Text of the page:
The U.S. Department Of Justice (DOJ) Has Provided More Than $60 Million To Support Louisiana And The City Of New Orleans In Their Efforts To Fight Violent Crime And Rebuild Their Criminal Justice Systems. $30 million has been directed to New Orleans, which has one of the highest murder rates in the Nation. DOJ assistance to New Orleans also includes additional Federal law enforcement agents and prosecutors, and additional technical assistance and training for the New Orleans Police Department.
In December 2006, President Bush Signed Legislation Allowing Louisiana To Share In Revenues From Drilling Along The Outer Continental Shelf (OCS). Louisiana has promised to use these funds to restore its coastal wetlands, which will help defend against future storms.
In Addition To Federal Assistance, Policy Holders In Mississippi And Louisiana Have Received Private Insurance Payments Totaling $10.5 Billion In Louisiana And Over $5 Billion In Mississippi.
Americans Have Contributed Over $3.5 Billion In Cash And In-Kind Donations To The Gulf Coast – More Resources Than After Any Other Natural Disaster In Our Nation's History. According to the Corporation for National and Community Service, more than half a million individuals offered their services as volunteers on the Gulf Coast in the year following Hurricane Katrina.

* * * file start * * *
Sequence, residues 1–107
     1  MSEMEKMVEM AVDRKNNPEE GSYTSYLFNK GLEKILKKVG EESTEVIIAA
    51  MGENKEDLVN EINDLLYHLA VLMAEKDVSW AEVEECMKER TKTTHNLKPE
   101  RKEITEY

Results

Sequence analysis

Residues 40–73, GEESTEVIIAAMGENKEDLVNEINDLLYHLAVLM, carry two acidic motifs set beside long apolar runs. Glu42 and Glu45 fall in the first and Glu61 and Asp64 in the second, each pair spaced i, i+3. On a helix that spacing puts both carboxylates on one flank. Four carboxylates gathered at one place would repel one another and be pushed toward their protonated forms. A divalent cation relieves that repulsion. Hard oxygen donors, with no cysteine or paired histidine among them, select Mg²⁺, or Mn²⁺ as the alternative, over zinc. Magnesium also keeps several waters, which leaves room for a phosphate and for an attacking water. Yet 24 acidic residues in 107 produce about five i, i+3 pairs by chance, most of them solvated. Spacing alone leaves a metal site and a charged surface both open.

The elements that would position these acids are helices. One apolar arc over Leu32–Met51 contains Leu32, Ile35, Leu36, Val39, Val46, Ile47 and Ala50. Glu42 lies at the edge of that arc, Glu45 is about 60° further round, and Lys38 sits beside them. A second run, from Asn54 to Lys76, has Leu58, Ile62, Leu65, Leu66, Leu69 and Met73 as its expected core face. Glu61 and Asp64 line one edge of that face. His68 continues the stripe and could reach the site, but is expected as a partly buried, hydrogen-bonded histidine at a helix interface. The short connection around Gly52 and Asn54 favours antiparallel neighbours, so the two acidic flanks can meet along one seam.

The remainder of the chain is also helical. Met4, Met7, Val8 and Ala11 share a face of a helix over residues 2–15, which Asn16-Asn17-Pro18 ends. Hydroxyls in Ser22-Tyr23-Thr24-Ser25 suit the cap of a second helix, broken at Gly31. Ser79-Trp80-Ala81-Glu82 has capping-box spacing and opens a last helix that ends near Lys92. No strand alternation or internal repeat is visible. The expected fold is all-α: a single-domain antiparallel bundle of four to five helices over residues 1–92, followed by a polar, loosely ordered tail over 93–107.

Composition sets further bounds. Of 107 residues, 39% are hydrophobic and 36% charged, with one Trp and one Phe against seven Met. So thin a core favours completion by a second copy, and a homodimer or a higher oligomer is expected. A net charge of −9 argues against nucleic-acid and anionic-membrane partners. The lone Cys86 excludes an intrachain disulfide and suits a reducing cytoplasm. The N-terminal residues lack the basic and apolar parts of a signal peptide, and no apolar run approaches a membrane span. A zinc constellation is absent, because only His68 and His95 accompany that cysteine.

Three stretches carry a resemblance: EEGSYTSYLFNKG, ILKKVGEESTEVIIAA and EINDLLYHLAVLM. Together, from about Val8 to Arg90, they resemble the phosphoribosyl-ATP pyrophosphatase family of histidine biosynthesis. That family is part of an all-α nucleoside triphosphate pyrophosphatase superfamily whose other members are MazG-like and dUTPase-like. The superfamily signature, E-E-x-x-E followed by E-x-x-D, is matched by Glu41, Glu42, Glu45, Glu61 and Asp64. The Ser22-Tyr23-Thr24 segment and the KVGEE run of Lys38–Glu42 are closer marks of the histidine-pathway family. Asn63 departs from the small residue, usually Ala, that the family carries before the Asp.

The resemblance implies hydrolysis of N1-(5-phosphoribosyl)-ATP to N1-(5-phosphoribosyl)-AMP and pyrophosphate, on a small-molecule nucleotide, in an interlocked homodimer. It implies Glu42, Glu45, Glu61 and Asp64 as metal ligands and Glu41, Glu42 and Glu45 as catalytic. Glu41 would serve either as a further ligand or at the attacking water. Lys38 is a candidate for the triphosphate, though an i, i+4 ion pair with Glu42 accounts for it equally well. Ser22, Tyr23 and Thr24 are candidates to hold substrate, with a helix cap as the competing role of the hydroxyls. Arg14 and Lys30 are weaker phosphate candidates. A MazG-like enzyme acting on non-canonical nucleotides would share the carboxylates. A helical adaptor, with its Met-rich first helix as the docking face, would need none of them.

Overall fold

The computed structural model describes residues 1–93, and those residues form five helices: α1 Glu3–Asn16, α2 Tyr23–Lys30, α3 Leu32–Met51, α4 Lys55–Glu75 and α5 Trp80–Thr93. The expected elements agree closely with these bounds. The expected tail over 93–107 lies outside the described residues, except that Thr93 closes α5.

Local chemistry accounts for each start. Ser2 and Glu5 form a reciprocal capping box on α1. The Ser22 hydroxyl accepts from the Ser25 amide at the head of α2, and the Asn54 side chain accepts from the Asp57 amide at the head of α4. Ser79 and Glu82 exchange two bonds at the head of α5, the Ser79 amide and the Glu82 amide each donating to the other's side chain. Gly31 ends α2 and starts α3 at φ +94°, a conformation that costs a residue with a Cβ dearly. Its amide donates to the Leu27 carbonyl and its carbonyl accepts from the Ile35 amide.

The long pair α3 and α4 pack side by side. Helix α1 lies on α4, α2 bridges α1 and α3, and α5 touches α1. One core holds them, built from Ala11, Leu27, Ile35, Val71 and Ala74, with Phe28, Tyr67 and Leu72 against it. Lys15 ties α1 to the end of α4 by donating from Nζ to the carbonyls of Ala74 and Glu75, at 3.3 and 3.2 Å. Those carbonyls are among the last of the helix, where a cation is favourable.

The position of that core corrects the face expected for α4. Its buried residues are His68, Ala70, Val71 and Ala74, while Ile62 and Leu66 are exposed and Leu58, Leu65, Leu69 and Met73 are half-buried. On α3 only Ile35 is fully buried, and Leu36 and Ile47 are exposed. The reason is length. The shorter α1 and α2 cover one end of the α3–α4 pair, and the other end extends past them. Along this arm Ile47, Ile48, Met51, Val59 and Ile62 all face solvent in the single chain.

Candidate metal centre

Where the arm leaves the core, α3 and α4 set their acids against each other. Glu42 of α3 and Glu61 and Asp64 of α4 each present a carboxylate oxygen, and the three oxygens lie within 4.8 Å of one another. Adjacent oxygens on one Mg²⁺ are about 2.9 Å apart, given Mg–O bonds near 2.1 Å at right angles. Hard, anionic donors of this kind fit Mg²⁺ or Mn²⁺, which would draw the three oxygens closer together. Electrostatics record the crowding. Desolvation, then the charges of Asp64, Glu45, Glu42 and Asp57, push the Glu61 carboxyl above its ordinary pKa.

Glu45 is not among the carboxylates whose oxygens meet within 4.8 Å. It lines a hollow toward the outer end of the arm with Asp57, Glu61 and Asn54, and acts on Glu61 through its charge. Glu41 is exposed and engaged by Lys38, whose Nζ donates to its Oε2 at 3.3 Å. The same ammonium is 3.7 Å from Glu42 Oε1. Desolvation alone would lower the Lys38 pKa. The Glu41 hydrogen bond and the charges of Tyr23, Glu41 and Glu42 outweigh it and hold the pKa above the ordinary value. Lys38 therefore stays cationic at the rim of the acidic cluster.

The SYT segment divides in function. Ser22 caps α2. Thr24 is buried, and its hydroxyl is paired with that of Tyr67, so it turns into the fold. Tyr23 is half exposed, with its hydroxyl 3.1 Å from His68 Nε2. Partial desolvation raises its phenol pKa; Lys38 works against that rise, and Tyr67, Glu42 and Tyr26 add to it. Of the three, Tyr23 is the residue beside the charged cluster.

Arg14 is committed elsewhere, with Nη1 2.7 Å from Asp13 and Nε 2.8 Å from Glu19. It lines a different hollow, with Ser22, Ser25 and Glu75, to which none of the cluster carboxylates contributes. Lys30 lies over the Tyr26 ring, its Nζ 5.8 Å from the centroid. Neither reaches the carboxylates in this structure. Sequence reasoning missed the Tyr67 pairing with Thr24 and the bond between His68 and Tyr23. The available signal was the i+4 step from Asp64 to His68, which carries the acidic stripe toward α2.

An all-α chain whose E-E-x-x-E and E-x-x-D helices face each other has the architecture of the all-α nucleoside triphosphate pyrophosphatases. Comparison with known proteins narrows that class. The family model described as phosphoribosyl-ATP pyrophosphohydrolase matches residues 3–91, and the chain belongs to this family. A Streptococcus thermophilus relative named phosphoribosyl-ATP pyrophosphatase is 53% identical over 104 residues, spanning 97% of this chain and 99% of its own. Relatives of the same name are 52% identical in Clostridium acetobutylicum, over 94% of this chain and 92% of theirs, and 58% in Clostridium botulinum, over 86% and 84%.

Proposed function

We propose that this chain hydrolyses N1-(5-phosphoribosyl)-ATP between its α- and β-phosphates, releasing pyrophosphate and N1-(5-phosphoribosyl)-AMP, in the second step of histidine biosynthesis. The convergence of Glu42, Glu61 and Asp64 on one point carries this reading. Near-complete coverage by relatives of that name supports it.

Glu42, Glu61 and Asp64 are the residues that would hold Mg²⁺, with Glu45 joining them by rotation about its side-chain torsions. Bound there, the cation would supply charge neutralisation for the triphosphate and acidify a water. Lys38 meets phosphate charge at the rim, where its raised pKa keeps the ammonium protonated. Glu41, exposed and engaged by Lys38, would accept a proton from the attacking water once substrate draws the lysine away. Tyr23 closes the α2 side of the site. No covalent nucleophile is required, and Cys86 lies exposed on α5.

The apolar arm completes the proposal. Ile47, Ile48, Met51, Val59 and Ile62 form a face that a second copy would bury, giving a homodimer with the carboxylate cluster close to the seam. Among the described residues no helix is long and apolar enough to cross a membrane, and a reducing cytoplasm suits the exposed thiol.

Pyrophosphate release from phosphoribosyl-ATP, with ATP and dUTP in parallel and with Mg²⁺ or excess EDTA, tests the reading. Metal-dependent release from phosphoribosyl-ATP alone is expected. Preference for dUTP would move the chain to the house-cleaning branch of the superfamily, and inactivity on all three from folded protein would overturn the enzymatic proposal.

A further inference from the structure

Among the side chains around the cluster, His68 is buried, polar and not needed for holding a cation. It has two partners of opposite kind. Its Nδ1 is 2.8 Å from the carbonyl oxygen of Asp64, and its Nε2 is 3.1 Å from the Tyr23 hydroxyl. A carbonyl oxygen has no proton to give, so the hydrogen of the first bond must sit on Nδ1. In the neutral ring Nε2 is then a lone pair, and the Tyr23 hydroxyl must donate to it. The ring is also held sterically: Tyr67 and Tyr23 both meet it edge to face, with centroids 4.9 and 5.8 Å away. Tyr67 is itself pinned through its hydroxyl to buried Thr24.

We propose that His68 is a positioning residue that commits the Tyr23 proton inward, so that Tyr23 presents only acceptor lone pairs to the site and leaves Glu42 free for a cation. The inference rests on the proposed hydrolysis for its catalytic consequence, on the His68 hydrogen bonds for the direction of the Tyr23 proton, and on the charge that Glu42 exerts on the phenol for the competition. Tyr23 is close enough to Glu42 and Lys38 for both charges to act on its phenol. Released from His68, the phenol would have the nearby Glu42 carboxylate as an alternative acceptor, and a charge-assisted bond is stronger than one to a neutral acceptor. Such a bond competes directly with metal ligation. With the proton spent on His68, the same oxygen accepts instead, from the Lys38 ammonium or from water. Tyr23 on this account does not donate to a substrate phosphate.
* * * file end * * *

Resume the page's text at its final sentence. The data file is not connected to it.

Ensuring The Nation Is Prepared For Future Disasters
On February 23, 2006, The Administration Released Its "Lessons Learned" Review Of The Federal Response To Hurricane Katrina. The Report identifies deficiencies in the Federal government's response and lays the groundwork for better preparation for and response to future natural disasters.
Dramatic Improvements Have Been Made At The National Level To Respond To A Disaster.
FEMA has strengthened its ability to respond, establishing a variety of rapidly deployable teams to quickly establish a Federal presence at a disaster scene to coordinate with State and local officials.
FEMA has dramatically increased its stockpiles of relief supplies, such as emergency meals and ice, and the ability to track them.
FEMA has improved its customer service capabilities to provide better support while also protecting against fraud and abuse. FEMA now has the capacity to handle 200,000 calls per day from disaster victims seeking assistance.
The U.S. Department of Homeland Security (DHS) is working with all 50 States and America's largest cities to refine their emergency response plans and disaster preparedness drills.
The U.S. Department of Defense (DOD) is now better integrated with FEMA, assigning an 8-person coordination element to the FEMA office in each of the ten FEMA regions
The U.S. Department of Health and Human Services (HHS) has created rapidly deployable medical teams to quickly and effectively respond to a disaster or terrorist attack
Multiple Federal departments (DHS, DOD, HHS, Department of Transportation) have worked together to provide support to the Gulf Coast to assist with evacuations should another hurricane threaten the area.